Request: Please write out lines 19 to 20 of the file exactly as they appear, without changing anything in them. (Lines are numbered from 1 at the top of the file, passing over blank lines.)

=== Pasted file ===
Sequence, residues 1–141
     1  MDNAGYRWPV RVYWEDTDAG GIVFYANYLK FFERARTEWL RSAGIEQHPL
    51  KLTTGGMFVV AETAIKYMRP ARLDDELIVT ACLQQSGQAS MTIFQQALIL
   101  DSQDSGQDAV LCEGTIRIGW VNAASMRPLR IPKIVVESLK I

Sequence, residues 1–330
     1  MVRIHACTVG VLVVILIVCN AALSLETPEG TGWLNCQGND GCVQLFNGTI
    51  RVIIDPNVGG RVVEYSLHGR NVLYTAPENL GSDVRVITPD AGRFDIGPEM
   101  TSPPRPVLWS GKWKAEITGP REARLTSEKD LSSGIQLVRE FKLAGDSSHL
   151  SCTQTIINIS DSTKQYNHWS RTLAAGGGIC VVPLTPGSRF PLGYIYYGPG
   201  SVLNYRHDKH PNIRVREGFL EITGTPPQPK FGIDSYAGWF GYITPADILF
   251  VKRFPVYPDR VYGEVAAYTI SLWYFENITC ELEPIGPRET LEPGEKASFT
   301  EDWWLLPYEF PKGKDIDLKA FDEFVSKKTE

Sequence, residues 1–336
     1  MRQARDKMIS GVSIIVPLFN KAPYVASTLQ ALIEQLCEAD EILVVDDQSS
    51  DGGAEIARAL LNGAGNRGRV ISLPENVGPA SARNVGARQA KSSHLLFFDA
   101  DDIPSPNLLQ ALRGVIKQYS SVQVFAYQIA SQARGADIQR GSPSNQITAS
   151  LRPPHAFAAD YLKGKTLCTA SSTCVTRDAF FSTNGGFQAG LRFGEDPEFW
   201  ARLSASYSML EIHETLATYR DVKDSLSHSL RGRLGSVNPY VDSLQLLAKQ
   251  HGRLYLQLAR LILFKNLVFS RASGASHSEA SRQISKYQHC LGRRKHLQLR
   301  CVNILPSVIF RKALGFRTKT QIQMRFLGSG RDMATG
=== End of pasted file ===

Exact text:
   251  HGRLYLQLAR LILFKNLVFS RASGASHSEA SRQISKYQHC LGRRKHLQLR
   301  CVNILPSVIF RKALGFRTKT QIQMRFLGSG RDMATG